If two cows pour a liter into each others’ buckets, then somehow none of that milk is lost, even if one or both buckets were full initially. And if a cow would ever end up with too much milk in her bucket, that excess milk is lost. For example, if two cows *A* and *C* each pour a liter into some cow *B*’s full bucket just as *B* pours a liter into cow *A*’s bucket, for example, then one of those two liters going into *B*’s bucket disappears.

To make this curious situation clearer, let’s consider a small example with only four cows who start with full buckets of various sizes. The following diagrams show what happens in the first, second, and third minutes, and how many liters of milk the cows have at the start of each minute.

Notice that we go from having eight liters of milk in total, to seven, and then to six! (You may wish to think about: what would happen in the next minute? And in the minute after that? We’ll come back to those questions later…)

Farmer John wonders how to handle a more general problem and needs your help!

*Given a number of cows, the initial amounts of milk in each cow’s bucket, the choice of neighbor for each cow, and a number of minutes, how much total milk will be left after that many minutes?*

If the number of cows, the cows’ amounts of milk, and the number of minutes were pretty small – say, in the thousands – we could write brute force code that takes only a couple of seconds to run. That is, our code could simulate the process in each minute’s round, keep running for the appropriate number of rounds, and finally report the total amount of milk lost.

But in this problem, there can be two hundred thousand cows, each cow can have up to a billion liters of milk, and the process can go on for a billion seconds. It would take a very long time indeed for brute force code to find an answer; we need to think of something more clever…

Let’s get some more insight into this problem. (If you want to avoid spoilers and solve the problem yourself, you should do that before proceeding!)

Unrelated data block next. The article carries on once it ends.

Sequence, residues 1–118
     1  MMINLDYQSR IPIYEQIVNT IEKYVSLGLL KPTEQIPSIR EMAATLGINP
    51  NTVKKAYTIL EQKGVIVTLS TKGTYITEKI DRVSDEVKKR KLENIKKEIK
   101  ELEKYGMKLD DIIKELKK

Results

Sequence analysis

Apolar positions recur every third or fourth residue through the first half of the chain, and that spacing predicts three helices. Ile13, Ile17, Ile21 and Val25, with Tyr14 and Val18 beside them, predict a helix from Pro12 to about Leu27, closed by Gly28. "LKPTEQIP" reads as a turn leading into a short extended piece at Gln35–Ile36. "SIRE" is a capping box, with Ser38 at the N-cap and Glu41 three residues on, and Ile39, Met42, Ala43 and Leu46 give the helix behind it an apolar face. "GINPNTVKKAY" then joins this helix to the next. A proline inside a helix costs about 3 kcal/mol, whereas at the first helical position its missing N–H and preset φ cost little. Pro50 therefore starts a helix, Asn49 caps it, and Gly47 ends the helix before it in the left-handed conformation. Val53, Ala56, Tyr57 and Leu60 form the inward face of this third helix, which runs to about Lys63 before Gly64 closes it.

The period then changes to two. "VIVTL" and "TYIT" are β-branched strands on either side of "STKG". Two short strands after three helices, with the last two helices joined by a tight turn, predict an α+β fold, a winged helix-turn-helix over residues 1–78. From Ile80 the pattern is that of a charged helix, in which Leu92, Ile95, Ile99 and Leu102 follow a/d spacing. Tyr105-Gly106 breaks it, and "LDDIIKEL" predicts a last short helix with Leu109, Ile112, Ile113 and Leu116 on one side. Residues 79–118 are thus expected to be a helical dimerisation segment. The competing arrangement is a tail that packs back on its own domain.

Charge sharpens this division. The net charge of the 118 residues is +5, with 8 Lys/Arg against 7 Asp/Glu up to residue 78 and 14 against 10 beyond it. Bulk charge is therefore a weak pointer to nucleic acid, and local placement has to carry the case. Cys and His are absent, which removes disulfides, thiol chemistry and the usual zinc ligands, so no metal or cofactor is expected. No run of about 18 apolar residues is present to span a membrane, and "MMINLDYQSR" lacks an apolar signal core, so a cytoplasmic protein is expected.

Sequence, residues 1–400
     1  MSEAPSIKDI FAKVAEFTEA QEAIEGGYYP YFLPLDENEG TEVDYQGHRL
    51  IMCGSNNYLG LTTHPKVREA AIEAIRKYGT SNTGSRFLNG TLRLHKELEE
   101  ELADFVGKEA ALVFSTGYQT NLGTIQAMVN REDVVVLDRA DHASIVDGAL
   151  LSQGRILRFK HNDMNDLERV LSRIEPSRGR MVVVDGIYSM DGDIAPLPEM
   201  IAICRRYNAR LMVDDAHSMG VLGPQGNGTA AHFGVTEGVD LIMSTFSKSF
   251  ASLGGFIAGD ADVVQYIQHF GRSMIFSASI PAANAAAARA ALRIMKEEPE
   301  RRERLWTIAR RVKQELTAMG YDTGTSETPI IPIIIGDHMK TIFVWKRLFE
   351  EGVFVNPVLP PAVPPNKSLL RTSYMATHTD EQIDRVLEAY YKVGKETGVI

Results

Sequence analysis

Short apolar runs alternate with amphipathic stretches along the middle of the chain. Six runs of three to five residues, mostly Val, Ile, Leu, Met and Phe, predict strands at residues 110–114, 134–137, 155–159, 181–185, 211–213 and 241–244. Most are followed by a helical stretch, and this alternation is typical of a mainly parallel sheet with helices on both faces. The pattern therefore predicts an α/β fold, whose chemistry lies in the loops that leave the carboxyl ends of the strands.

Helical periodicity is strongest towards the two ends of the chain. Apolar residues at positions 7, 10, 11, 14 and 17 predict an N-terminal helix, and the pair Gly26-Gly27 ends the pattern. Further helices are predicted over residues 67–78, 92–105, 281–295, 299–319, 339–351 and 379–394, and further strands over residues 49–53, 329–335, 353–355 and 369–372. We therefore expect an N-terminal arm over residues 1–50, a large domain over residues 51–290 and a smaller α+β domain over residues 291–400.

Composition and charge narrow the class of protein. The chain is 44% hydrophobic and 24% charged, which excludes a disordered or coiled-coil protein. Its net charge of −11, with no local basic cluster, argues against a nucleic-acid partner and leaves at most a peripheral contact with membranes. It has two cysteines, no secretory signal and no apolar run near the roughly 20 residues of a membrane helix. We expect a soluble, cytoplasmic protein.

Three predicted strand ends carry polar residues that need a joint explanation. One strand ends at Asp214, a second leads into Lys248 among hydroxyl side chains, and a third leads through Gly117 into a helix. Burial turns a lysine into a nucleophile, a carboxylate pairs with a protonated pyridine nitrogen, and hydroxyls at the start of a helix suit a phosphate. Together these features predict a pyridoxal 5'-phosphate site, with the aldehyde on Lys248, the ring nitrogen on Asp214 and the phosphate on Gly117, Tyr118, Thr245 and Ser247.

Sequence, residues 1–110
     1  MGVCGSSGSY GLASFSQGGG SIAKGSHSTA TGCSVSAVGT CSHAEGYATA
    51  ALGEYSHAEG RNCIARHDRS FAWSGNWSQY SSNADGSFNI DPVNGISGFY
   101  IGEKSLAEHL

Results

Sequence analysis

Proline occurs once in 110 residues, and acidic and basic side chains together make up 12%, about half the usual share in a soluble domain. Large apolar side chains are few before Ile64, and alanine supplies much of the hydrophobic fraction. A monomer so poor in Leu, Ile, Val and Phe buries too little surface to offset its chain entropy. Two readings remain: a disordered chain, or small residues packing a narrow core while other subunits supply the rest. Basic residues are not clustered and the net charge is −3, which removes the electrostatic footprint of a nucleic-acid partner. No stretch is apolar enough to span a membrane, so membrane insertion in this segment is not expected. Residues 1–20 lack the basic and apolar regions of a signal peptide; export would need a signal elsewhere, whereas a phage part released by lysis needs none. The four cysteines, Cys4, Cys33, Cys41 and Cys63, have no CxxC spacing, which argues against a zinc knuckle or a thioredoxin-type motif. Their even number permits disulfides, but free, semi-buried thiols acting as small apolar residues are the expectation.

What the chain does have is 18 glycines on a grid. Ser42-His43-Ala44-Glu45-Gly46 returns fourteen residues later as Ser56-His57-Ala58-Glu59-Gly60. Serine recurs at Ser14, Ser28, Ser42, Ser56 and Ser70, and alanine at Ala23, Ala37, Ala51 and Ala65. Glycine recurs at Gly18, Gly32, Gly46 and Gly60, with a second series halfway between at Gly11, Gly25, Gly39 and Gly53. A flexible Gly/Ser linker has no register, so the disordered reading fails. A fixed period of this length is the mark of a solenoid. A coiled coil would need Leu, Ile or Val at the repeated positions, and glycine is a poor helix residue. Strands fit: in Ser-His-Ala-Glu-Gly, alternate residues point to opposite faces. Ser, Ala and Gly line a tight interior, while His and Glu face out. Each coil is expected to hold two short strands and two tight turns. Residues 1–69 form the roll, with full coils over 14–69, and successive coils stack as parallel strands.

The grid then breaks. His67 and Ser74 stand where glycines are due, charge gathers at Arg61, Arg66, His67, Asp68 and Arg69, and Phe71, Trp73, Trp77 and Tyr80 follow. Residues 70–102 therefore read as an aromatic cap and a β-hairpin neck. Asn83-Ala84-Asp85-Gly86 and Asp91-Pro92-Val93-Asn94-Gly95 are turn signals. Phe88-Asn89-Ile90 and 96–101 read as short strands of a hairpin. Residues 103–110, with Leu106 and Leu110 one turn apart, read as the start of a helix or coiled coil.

Even though this is a typical problem in the introductory Bronze level of the contest, brute force simulation would only get us so far. We’d submit to the automated judge and see that only the first block of test cases passed, with the rest having timed out:

This would be good enough for partial credit, which on its own would not be enough for advancement to Silver. The USACO authors want contestants to discover underlying rules and patterns that enable much more elegant (and much faster!) solutions.

Playing around with small examples is a great way to get a feel for a problem and to notice those hidden features. Let’s return to our example from before:

The cow on the left quickly loses its liter of milk, but that liter doesn’t actually disappear from the system until the bottom cow tries to pour it into the right cow’s bucket, which is already being refilled by the top cow. We can convince ourselves that this is the *only* way that milk can disappear.

If we run this example for one more minute, we end up in this state…

…and then we remain this way for all future minutes. No more milk is ever lost.

It looks like, generally speaking, we have “chains” (like the left and bottom cows here) pointing into “pairs” (like the top + right cows here). Pairs never lose any milk, but the milk in each chain goes away at a rate of one liter per second. So we really just need to know how much total milk is in each chain to start with. If we think about it, we see that there’s no difference between a chain of two cows with one liter each, and a chain of a single cow with two liters – both chains still lose one liter per minute.

Before we declare victory, though, it’s worth playing with some more examples, because they can reveal phenomena we haven’t noticed. For instance, there could be two chains pointing into the same pair, and it’s even possible for there to be no pairs at all! (What happens in that latter situation?)

Even once we understand this, coding up the idea can be a lot harder than it might initially seem. For starters, we need to be able to detect and handle the case where there is just one big cycle. Otherwise, we need to find the chains and compute how much total milk is in each one. We also have to figure out how much milk is lost from each chain after our given number of minutes. There’s lots of potential for off-by-one errors, edge issues like incorrectly handling a pair between cows 1 and *N*, and other miscellaneous bugs. (We encourage you to try writing a solution and submitting it for automatic judging on the USACO site!)

But once we code up our improved idea, we return an answer almost instantly; our solution is no longer a simulation, and no longer takes time proportional to the number of minutes. It passes all of the cases, and we take a moment to congratulate ourselves… before moo-ving on to the next problem.

The problem solving journey is easier in the company of instructors and peers, and we invite you ruminate on these legen-dairy problems with us! For more information, be sure to visit our USACO Bronze Problem Series course page!